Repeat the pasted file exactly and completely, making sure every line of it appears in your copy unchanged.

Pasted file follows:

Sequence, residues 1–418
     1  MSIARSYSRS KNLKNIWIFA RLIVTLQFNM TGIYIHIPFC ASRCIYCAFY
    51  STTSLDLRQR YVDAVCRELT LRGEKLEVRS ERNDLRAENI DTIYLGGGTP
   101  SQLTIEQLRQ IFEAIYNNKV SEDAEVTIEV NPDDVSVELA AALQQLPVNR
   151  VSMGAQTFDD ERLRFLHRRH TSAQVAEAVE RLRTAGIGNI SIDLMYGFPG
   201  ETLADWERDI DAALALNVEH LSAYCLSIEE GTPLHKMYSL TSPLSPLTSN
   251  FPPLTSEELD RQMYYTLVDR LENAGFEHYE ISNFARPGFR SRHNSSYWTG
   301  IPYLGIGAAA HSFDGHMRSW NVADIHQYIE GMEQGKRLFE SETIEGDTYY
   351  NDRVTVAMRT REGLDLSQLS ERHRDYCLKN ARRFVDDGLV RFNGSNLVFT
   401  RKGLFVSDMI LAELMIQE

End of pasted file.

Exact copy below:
Sequence, residues 1–418
     1  MSIARSYSRS KNLKNIWIFA RLIVTLQFNM TGIYIHIPFC ASRCIYCAFY
    51  STTSLDLRQR YVDAVCRELT LRGEKLEVRS ERNDLRAENI DTIYLGGGTP
   101  SQLTIEQLRQ IFEAIYNNKV SEDAEVTIEV NPDDVSVELA AALQQLPVNR
   151  VSMGAQTFDD ERLRFLHRRH TSAQVAEAVE RLRTAGIGNI SIDLMYGFPG
   201  ETLADWERDI DAALALNVEH LSAYCLSIEE GTPLHKMYSL TSPLSPLTSN
   251  FPPLTSEELD RQMYYTLVDR LENAGFEHYE ISNFARPGFR SRHNSSYWTG
   301  IPYLGIGAAA HSFDGHMRSW NVADIHQYIE GMEQGKRLFE SETIEGDTYY
   351  NDRVTVAMRT REGLDLSQLS ERHRDYCLKN ARRFVDDGLV RFNGSNLVFT
   401  RKGLFVSDMI LAELMIQE